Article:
BarbadosOur fall exhibit is up in Special Collections! The theme this time is Caribbean maps. The exhibit was mounted in conjunction with the Eighth Virginia Garrett Lectures which took place October 5th. The lectures brought scholars from all over to discuss their research in the area of the Caribbean and how they used maps to further that research. While the lectures are over, the exhibit will be up until February 9, 2013. Along with featuring overview maps of the Caribbean this exhibit also highlights maps of individual islands from many different time periods. Maps from the 1600s through the 20th Century are on display.

For more information on the exhibit visit here!
To see more images from the exhibit visit here!

“Few people would argue that Caribbean islands have not played pivotal roles in American history. From Columbus’ discoveries to the U.S. Guantanamo Bay prison debate, events on islands of the West Indies have impacted our history. While most of these islands are not that distant, our personal knowledge of them is often scant. With the help of old maps, there are interesting facts to learn and more importantly, connections for us to make. Old printed maps of the Caribbean islands depict not only the geography of the islands but also reflect many of the themes of Caribbean (and American) history as well as cartographic history.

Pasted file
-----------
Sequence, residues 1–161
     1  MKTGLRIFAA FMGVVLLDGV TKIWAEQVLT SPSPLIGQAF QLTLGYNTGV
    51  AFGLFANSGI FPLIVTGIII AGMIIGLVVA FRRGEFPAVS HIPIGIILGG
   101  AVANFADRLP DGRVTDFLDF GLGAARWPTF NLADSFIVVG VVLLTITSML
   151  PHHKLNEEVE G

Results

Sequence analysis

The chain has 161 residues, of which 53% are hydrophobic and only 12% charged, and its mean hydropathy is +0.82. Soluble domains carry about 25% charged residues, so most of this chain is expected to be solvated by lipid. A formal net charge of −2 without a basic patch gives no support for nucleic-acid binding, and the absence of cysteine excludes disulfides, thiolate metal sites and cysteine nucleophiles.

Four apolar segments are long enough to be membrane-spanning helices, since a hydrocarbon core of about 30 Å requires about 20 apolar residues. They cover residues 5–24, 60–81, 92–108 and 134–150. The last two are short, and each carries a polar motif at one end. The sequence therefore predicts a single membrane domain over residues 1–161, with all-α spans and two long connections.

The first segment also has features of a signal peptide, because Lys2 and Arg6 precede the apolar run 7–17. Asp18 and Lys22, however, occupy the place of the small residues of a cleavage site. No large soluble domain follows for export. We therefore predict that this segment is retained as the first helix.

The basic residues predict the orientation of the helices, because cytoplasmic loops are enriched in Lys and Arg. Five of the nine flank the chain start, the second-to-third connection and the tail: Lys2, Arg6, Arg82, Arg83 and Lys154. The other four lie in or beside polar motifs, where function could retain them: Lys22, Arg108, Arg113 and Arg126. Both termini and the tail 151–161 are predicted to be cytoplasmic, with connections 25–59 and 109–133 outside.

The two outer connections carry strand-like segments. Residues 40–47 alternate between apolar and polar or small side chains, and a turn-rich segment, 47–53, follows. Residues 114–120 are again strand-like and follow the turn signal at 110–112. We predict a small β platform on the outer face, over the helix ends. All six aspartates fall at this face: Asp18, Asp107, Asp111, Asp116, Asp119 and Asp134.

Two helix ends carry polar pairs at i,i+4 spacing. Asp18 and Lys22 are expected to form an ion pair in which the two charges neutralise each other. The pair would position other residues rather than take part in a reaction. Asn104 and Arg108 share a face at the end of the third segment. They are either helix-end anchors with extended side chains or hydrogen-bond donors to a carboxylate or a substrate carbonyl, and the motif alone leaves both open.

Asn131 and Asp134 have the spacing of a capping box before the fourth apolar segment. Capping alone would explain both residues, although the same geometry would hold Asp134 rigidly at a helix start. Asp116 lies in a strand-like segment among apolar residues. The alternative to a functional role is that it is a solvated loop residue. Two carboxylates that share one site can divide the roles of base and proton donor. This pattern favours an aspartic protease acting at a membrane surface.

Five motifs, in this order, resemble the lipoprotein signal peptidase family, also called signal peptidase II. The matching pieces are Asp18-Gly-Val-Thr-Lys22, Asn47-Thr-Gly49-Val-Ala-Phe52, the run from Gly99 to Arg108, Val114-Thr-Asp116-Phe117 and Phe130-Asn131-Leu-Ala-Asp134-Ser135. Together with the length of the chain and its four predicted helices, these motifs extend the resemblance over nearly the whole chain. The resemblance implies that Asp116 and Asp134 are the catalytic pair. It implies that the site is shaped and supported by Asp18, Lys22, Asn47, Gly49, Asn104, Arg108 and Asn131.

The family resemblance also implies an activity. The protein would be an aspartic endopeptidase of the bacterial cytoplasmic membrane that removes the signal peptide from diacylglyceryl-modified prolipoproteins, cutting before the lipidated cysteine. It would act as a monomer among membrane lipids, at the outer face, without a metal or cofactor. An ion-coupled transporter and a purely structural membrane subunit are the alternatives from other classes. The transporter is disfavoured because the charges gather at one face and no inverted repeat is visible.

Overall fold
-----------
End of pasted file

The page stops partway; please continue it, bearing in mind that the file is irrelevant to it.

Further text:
Pearls of the Antilles: Printed Maps of Caribbean Islands shows how maps of the Caribbean incorporate many of the themes of cartographic history found in maps of other geographical areas, from technical developments to increasing diversification in types of maps, and from leading “national schools” in certain time periods to such themes as the growth of a tourist map industry.

Pearls of the Antilles: Printed Maps of Caribbean Islands is located in Special Collections, 6th floor, UT Arlington Central Library and runs through February 9, 2013. Hours are 9 a.m – 7 p.m Monday and 9 a.m – 5 p.m Tuesday through Saturday. This exhibit is free and open to the public. For more information call 817-272-3393.”